Kristine Hoffmann, M.S. (Dec. 2007)


Kristine HoffmannKris received a Master of Science degree in December 2007 from the Department of Wildlife Ecology and Conservation at the University of Florida. Kris conducted research on the invasive Cuban Treefrog (Osteopilus septentrionalis). This large treefrog, introduced into Florida in the 1920’s through cargo, has since become firmly established and is believed to impact the native amphibians and reptiles through competition and direct predation. Kris’s research focused on evaluating the impacts of this invasive species on the native treefrogs in Florida. After graduating from UF, Kris worked as a biologist in Massachusetts, assisting with a long term radiotelemetry study of several snake and turtle species. In the fall of 2008, Kris accepted a position as a Teaching Fellow of Biology at the University of Virginia College at Wise, where she hopes to inspire a new generation of students with her passion for biology.


Peer-reviewed Publications

Thesis Abstract (Full-text link below abstract)

    The Cuban treefrog (Osteopilus septentrionalis) is a nonindigenous species in Florida that anecdotally replaces native treefrog species where it becomes established. However, few empirical data are available to verify this claim; thus, I sought to determine the effects of O. septentrionalis on native treefrog populations. I removed O. septentrionalis from natural areas and monitored the response of native treefrog populations using polyvinyl chloride (PVC) pipe refugia. In conjunction with my field study, I conducted laboratory experiments to determine the frequency at which treefrogs use PVC pipe refugia and to test the null hypothesis that O. septentrionalis does not affect behaviorally or chemically exclude native treefrogs from refugia.
    In my first laboratory study, I compared the variation by species in frequency of refugia used when treefrogs were presented with the choice of either a PVC pipe refugia or a plant. I found that the native squirrel treefrog (Hyla squirella) rested in the pipe twice as often as on the plant, and Osteopilus septentrionalis used the pipes infrequently. The other two natives tested, green treefrog (H. cinerea) and pinewoods treefrog (H. femoralis), did not strongly favor either the PVC pipe refugia or the plant.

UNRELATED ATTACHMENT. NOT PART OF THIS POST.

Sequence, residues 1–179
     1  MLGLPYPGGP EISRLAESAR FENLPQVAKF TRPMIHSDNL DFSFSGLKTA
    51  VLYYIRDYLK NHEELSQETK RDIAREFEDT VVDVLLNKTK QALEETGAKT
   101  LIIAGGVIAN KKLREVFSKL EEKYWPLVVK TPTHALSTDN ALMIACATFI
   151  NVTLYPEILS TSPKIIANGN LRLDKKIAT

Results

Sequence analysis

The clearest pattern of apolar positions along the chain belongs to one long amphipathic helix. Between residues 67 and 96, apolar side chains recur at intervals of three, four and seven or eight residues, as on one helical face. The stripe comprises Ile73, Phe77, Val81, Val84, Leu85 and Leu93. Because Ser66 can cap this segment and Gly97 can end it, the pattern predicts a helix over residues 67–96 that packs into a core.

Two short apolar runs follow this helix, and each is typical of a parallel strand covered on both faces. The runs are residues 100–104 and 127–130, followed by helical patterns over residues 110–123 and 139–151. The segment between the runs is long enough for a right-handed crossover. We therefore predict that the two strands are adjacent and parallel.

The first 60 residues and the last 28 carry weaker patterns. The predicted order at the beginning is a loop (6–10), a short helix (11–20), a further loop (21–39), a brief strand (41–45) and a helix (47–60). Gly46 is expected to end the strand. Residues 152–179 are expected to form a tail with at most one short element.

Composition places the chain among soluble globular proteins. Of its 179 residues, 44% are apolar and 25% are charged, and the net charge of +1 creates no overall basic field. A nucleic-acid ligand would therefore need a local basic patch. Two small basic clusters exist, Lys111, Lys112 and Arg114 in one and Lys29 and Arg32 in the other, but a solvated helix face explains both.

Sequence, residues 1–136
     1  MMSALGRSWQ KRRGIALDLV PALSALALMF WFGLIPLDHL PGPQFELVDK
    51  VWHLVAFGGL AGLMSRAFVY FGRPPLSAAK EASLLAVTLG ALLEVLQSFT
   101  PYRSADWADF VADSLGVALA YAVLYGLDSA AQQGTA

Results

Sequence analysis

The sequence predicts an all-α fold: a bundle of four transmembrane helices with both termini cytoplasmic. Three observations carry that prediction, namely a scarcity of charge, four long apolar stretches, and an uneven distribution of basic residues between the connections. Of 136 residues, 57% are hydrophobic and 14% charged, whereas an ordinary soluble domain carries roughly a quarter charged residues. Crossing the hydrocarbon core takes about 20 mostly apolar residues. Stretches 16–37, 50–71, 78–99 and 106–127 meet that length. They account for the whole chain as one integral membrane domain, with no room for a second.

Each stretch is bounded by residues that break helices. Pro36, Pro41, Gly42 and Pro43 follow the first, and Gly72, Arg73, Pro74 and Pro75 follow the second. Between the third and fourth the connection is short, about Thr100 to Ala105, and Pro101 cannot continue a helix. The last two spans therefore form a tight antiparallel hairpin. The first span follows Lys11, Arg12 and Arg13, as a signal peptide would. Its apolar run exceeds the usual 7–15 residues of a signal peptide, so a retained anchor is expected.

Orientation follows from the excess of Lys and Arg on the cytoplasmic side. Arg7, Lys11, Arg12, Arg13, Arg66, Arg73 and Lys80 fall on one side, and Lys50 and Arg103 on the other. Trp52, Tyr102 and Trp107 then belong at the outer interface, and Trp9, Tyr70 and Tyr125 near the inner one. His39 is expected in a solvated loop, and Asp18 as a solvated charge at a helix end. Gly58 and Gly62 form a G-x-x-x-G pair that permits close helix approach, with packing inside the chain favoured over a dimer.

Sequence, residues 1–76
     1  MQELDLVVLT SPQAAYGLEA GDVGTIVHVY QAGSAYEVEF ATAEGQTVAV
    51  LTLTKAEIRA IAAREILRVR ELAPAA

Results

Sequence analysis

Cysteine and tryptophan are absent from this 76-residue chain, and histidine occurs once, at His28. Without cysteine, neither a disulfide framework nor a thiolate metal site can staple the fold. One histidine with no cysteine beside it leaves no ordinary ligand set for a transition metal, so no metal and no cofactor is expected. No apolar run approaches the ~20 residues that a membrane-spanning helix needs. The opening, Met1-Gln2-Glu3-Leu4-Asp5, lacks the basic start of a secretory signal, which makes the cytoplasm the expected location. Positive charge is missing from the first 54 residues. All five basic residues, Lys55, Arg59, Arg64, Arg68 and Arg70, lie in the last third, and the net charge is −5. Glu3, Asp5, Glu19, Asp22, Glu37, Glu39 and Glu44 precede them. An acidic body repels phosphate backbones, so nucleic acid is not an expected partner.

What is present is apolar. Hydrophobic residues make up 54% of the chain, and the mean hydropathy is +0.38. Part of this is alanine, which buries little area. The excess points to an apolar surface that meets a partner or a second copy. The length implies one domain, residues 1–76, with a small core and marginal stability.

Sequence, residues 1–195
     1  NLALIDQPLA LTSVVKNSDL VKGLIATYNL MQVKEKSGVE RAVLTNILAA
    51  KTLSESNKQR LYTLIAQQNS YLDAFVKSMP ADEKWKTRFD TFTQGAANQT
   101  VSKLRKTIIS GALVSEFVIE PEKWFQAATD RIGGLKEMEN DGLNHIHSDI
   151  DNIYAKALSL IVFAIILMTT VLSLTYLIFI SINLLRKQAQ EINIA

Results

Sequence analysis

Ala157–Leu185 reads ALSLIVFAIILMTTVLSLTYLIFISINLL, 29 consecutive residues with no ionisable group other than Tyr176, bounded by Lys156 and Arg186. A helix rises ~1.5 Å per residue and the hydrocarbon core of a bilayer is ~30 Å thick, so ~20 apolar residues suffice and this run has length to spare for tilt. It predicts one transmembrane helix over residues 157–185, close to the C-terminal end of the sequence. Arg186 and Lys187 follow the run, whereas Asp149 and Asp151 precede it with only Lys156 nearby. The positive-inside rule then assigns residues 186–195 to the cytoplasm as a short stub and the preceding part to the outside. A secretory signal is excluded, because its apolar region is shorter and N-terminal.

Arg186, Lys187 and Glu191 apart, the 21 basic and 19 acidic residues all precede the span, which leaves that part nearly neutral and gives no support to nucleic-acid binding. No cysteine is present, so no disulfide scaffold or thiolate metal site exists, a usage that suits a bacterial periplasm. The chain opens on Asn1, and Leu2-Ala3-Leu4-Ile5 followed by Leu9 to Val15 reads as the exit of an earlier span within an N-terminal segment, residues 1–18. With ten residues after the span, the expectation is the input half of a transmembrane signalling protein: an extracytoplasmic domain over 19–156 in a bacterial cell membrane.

In my other laboratory studies, I tested if Osteopilus septentrionalis interferes with the use of PVC pipe refugia by native treefrogs. First, I paired a native treefrog (Hyla sp.) with an O.septentrionalis in an aquarium with only one pipe, and then observed which frog(s) rested inside the PVC pipe refugium 14 hours later. I found that O. septentrionalis did not behaviorally exclude native treefrogs from refugia. In another study, I presented treefrogs with a choice of a new PVC pipe refugium and one that had been recently used by O. septentrionalis to determine if treefrogs avoided refugia recently used by this predator. I found that Hyla cinerea and H. femoralis did not avoid refugia that were recently used by O. septentrionalis. These laboratory studies suggest that native treefrog detection in PVC pipe refugia is not altered by the presence of similar sized O. septentrionalis.
    In my field experiment, I established paired grids of PVC pipe refugia to attract treefrogs at three study sites at Wekiwa Springs State Park, Apopka, Florida, and at three study sites at Flatwoods Park, Hillsborough Wilderness Park, Tampa, Florida. One grid of each pair was used as a treatment grid where I removed Osteopilus septentrionalis, and the other served as a control. I monitored the community of native treefrogs within each grid, and hypothesized that if O. septentrionalis reduces the abundance of native treefrogs, then at sites where this species was removed native treefrogs should become more abundant. However, capture rates were low and few O. septentrionalis were removed to potentially decrease its abundance. Therefore, I was not able to determine if its removal positively impacts native treefrog abundance. However, my data did indicate a negative correlation between the abundance of O. septentrionalis and Hyla femoralis. More research is needed to determine the cause of this relationship.